Duchman is a boutique winery, producing about 20,000 cases annually. While it isn’t the biggest winery, it is one of the largest that uses 100% Texas-grown grapes – sourced both from the estate and from vineyards in the Texas High Plains AVA (American Viticultural Area). It currently doesn’t have distribution out of Texas, but it’s relatively easy to find in wine shops and restaurants in Austin, Dallas and Houston. I’ve picked up bottles at Specs and have had a glass of Vermentino at happy hour at TRIO in the Four Seasons in Austin.
A great place to have a glass of Duchman wine is at Bar Lamar at the Whole Foods located at 525 N. Lamar Blvd., where they serve Vermentino and Montepulciano on tap. Duchman is the only Texas winery to offer wine on tap. To keep each glass as fresh as a newly opened bottled, they use stainless steel connections on the keg and pump food-grade Argon gas into the keg to keep oxygen out and to push the wine out. Whole Foods goes through the 24-bottle capacity kegs fast enough that they haven’t tested the longevity, but it should stay fresh for months. It’s also environmentally friendly. Kegged wine means there is very little waste on packaging – no bottles, no labels, no cork – and the kegs are recycled. It weighs half as much as the equivalent amount of bottled wine which saves fossil fuels in shipping.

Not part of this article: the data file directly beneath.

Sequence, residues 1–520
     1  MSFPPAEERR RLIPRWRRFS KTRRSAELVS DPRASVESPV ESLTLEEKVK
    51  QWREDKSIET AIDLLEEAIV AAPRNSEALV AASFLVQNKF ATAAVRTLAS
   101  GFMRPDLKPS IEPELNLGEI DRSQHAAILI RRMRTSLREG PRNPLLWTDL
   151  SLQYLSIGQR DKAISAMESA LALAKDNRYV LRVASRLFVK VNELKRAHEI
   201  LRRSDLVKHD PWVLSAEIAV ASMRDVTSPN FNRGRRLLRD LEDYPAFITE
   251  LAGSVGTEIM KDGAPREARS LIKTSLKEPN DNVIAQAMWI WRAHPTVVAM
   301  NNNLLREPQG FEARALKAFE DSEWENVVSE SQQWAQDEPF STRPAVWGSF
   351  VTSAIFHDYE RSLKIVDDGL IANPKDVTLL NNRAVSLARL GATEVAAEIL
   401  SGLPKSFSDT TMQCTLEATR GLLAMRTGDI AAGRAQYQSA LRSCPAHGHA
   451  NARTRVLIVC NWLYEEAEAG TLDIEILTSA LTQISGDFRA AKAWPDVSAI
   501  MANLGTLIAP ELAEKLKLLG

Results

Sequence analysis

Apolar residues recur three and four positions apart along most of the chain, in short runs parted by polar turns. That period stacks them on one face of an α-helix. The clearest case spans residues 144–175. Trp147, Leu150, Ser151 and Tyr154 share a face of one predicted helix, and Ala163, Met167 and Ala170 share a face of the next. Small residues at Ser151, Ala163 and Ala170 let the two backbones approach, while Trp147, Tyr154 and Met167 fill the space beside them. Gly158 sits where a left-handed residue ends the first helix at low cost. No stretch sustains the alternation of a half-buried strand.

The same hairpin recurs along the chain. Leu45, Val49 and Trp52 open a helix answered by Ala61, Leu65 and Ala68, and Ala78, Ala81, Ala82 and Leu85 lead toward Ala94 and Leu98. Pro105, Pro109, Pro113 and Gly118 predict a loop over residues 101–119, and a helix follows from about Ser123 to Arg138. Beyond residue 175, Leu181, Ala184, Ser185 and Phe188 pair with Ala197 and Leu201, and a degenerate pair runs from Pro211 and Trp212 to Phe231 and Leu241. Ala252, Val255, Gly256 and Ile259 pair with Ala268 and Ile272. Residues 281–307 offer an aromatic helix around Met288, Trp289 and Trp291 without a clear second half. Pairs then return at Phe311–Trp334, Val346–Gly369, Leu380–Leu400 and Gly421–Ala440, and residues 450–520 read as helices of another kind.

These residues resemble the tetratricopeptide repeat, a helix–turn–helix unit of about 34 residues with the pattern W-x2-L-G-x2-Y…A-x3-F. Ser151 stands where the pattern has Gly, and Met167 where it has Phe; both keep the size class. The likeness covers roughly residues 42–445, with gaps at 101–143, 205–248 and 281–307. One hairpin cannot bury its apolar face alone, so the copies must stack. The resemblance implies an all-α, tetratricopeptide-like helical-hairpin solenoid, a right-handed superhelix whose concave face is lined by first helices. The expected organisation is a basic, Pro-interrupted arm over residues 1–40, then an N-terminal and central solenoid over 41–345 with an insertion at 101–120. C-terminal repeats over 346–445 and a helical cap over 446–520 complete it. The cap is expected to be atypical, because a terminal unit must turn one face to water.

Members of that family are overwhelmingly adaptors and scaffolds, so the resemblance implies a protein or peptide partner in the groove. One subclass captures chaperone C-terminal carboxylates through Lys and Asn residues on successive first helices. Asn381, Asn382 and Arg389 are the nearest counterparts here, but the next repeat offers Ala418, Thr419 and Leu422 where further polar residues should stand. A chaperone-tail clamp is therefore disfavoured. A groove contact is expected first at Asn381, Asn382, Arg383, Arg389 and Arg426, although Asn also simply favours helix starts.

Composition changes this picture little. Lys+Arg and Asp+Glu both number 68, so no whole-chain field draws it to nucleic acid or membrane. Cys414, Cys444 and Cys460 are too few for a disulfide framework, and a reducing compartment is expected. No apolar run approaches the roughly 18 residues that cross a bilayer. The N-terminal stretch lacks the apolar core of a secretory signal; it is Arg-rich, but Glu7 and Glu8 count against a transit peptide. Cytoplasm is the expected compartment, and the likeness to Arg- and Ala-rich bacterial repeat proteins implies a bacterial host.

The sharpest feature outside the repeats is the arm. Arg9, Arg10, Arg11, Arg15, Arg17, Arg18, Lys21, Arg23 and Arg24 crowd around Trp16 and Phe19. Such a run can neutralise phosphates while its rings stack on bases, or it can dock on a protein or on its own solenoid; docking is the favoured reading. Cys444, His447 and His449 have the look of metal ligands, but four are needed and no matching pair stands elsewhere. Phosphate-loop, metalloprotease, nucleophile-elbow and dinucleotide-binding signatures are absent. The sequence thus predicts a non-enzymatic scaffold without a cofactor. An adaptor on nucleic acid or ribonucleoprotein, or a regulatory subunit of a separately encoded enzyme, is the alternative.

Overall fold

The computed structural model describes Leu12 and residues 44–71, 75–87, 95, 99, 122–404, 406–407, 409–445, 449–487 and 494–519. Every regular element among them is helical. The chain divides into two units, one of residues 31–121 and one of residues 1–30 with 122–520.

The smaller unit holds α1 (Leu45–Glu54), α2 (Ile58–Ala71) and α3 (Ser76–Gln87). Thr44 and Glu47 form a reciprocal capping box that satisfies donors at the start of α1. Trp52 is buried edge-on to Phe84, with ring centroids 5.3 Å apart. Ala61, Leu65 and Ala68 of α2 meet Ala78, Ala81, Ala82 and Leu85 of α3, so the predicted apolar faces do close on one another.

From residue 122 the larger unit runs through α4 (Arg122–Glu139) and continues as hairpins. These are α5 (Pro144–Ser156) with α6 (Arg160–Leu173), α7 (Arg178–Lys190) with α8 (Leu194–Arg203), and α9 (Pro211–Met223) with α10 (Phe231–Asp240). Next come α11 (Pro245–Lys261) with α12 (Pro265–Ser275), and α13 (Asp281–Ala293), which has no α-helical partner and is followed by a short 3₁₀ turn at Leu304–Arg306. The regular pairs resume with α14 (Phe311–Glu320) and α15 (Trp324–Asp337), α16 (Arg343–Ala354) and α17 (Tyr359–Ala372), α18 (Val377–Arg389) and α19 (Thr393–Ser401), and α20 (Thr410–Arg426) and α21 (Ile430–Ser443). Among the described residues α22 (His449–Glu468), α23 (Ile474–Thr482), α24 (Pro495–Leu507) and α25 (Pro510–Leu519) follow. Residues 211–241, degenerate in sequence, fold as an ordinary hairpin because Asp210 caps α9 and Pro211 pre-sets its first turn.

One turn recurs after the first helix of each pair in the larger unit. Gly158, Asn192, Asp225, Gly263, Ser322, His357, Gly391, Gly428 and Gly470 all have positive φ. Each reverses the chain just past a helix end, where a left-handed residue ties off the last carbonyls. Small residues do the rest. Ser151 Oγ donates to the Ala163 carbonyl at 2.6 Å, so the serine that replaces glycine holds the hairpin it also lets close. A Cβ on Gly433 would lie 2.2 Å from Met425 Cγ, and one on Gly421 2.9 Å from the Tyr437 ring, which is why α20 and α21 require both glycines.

The winery is also an excellent place to appreciate the wines. The estate is located just down the road from the Salt Lick BBQ in Driftwood. The limestone buildings topped with terra cotta tile roofs set a romantic, Tuscan mood. It has a gracious tasting room with plenty of space for you and your friends to spread out your wine glasses on the bar. You could spend all day there with a tour, a meal at the Trattoria or even a romp on the play scape. While the facilities are stylish, the real star is the wine. Here is what you can expect from three of their top selling wines.
2009 Duchman Family Vineyard Bianco
If you like slightly sweet white wine, this one is for you. The Bianco is 100 percent Vermentino made with arrested fermentation to retain a little bit of residual sugar and slight effervescence. The grapes are grown by renowned viticulturist, Cliff Bingham in the High Plains on six year old vines.
The Bianco shines light blonde and sunny as a Texas afternoon.